Conviction in One's Beliefs

Conviction in One's Beliefs

One hundred fifty years ago, on a series of fields and hills outside a tiny little town in Southern Pennsylvania, the course of history for our United States of America changed direction. The Confederate forces met the Army of the Potomac and engaged in three days of battle. The tide of the Civil War, and indeed our nation’s identity, was turned.

One man involved in that decisive battle had a seminal moment on the second day of the battle.  A professor of rhetoric at Bowdoin College who who  had never left Maine until enlistment.  On that July 2nd, as he followed orders to defend the end of the line on a tiny hillock which has come to be known as Little Round Top, he displayed courage and leadership of the type not encountered in common hours.

By all accounts, Joshua Lawrence Chamberlain was a non-assuming man of quiet intellect, introspection, and strong convictions. He joined the union army because he was given (read forced to take) a sabbatical from his teaching after engaging in conversations about the war: a direct deviation from the orders of the president and board of trustees of the college. In line with his personal code of mores, he could not in good conscience go off to France while the boys he had influenced were signing up to fight, so he enlisted, choosing to enter as a lieutenant, rather than the Major rank offered to him, as he had no military experience.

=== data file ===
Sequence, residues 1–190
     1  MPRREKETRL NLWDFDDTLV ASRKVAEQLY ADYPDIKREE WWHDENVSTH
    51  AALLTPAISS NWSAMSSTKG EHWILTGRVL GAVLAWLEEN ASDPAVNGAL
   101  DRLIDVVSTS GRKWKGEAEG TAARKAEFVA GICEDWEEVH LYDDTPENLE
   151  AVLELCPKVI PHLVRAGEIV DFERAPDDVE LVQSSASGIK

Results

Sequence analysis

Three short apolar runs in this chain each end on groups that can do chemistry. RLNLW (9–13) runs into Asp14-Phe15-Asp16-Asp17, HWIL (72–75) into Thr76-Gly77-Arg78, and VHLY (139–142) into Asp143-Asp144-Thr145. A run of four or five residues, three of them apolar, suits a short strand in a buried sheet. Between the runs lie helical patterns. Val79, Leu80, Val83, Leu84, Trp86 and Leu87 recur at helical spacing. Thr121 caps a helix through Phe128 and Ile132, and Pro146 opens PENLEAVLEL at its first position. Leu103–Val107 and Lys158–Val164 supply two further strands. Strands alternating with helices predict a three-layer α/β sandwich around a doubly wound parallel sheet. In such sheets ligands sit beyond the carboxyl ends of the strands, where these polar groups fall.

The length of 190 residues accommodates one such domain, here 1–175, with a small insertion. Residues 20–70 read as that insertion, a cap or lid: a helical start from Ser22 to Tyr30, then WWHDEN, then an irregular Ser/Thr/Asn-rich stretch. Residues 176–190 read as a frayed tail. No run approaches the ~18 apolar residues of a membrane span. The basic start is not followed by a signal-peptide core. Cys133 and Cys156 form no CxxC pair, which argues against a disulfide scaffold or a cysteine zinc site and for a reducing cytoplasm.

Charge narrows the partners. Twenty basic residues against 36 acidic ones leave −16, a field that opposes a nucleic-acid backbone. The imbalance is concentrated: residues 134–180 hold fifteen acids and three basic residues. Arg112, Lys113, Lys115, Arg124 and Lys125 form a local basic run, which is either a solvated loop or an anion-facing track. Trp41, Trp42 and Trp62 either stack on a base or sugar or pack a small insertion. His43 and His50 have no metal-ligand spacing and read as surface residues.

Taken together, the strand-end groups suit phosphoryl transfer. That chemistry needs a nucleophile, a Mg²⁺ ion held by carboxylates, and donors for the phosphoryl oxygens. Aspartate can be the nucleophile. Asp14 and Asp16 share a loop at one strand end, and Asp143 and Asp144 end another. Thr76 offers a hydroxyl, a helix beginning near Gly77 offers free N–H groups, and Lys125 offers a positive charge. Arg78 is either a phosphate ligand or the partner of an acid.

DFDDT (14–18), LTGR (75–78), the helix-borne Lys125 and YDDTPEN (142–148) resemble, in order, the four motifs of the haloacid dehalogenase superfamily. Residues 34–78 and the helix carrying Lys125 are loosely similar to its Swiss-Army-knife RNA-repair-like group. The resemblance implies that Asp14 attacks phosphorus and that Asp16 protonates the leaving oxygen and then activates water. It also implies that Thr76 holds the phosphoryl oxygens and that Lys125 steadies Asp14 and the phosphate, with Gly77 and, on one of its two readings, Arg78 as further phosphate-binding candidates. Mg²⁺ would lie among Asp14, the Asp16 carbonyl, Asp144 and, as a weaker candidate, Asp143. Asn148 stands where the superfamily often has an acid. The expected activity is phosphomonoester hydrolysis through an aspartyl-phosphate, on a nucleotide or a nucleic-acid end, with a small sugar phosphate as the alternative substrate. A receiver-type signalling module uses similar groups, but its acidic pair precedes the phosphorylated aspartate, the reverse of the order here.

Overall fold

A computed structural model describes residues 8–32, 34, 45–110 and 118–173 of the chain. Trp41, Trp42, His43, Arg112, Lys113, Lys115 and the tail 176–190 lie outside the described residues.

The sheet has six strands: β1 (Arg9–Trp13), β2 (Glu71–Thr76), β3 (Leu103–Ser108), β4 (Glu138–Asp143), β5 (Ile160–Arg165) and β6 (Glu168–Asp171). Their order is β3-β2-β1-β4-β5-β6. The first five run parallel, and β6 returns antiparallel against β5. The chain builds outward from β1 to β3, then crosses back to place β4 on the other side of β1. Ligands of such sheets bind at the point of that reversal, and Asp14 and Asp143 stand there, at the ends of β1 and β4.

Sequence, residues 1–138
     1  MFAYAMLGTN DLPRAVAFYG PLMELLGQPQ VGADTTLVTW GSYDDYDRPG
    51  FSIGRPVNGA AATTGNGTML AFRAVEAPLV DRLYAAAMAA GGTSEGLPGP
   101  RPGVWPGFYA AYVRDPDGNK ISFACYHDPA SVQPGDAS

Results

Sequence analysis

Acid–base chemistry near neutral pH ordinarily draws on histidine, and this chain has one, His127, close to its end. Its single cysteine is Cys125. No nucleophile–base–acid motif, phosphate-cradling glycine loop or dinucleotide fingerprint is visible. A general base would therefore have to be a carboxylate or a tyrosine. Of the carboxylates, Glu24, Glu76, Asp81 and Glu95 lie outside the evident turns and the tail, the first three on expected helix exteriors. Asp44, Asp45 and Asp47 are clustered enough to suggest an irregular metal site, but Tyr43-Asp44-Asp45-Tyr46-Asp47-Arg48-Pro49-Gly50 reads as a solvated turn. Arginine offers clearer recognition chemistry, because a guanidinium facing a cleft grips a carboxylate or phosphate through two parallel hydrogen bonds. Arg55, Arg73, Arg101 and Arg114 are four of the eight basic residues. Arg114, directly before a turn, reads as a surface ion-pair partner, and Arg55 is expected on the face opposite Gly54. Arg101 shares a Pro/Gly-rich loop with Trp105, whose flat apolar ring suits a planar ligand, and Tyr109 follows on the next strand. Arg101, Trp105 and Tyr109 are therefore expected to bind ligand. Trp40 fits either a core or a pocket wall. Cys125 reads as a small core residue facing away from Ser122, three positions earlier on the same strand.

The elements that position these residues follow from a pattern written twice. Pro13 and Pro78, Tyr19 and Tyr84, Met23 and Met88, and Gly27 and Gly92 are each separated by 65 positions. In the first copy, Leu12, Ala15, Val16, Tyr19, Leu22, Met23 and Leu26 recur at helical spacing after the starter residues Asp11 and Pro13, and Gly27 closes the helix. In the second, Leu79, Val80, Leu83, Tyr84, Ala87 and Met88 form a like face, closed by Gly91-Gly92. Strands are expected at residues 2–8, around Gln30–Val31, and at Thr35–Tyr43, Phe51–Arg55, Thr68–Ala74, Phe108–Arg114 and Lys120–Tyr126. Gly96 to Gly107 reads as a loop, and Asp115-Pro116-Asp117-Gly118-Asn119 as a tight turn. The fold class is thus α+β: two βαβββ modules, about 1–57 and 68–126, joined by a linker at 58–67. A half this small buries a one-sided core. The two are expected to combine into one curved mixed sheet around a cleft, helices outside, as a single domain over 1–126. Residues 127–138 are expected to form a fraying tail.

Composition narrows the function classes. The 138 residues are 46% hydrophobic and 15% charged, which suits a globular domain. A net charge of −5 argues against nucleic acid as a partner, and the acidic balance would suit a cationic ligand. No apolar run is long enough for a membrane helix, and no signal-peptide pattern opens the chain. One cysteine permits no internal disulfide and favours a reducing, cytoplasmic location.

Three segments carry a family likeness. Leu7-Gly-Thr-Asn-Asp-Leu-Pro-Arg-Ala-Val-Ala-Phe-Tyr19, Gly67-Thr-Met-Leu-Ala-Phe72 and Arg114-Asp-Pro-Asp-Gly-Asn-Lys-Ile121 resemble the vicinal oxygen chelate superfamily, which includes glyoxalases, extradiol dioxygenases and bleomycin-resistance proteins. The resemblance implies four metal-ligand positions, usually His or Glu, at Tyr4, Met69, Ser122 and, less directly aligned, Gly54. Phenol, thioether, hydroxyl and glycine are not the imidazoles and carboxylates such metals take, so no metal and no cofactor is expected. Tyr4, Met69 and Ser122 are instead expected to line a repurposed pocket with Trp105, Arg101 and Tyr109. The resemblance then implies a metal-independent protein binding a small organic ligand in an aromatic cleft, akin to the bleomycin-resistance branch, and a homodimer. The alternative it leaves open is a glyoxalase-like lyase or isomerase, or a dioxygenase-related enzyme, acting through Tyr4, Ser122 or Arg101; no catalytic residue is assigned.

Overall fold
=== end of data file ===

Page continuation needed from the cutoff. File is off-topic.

By the time he reached Gettysburg, Lawrence (as he liked to be called) was a Colonel. As the 20th Maine (the division of volunteers under his command) took up their place at the end of the Union line on a ridge overlooking the Confederate position, Chamberlain was given the order: “you may not retreat.” His was the position that protected the flank of the greater Union army. Lawrence took this command to heart, and the 20th Maine rebutted charge after charge until they eventually began to run out of ammunition and his men told him they could not repel another assault. This is when he gave his famous order: “fix bayonets and charge.”

Now in retrospect, sitting in my air conditioned office and sweating my deadlines, I am astounded that a man of no distinguished upbringing or outward signs of compelling leadership can issue a command in a moment of extreme stress that still resonates this many years later. Lawrence Chamberlain, through quiet conviction and without seeking material gain, made a series of decisions that put him in a position to influence, and then when put to the ultimate test made decisions that have influenced how our United States of America continued to grow.

Joshua Lawrence Chamberlain helped to sway a battle, which swayed a war, which swayed history. He continues to influence me, and others, through his leadership and his conviction in what he believed. On this weekend of celebration for our national history, we can thank many men and women for what we have. I will choose to reflect on a man whose convictions defined him. A man who, when all was said and done, returned to Maine and Bowdoin College, choosing to continue his peaceful, personal life.


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